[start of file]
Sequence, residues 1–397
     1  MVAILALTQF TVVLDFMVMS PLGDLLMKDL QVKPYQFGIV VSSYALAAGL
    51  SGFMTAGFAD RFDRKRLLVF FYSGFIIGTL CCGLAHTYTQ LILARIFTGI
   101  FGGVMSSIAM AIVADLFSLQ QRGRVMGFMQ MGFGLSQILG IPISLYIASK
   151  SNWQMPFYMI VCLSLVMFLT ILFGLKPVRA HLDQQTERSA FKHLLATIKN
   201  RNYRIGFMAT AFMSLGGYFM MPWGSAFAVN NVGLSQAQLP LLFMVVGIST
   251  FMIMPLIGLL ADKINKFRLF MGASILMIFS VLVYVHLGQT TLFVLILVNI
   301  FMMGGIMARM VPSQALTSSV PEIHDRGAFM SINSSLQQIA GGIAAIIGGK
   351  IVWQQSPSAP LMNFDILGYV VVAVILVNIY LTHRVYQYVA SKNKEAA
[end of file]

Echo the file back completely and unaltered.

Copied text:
Sequence, residues 1–397
     1  MVAILALTQF TVVLDFMVMS PLGDLLMKDL QVKPYQFGIV VSSYALAAGL
    51  SGFMTAGFAD RFDRKRLLVF FYSGFIIGTL CCGLAHTYTQ LILARIFTGI
   101  FGGVMSSIAM AIVADLFSLQ QRGRVMGFMQ MGFGLSQILG IPISLYIASK
   151  SNWQMPFYMI VCLSLVMFLT ILFGLKPVRA HLDQQTERSA FKHLLATIKN
   201  RNYRIGFMAT AFMSLGGYFM MPWGSAFAVN NVGLSQAQLP LLFMVVGIST
   251  FMIMPLIGLL ADKINKFRLF MGASILMIFS VLVYVHLGQT TLFVLILVNI
   301  FMMGGIMARM VPSQALTSSV PEIHDRGAFM SINSSLQQIA GGIAAIIGGK
   351  IVWQQSPSAP LMNFDILGYV VVAVILVNIY LTHRVYQYVA SKNKEAA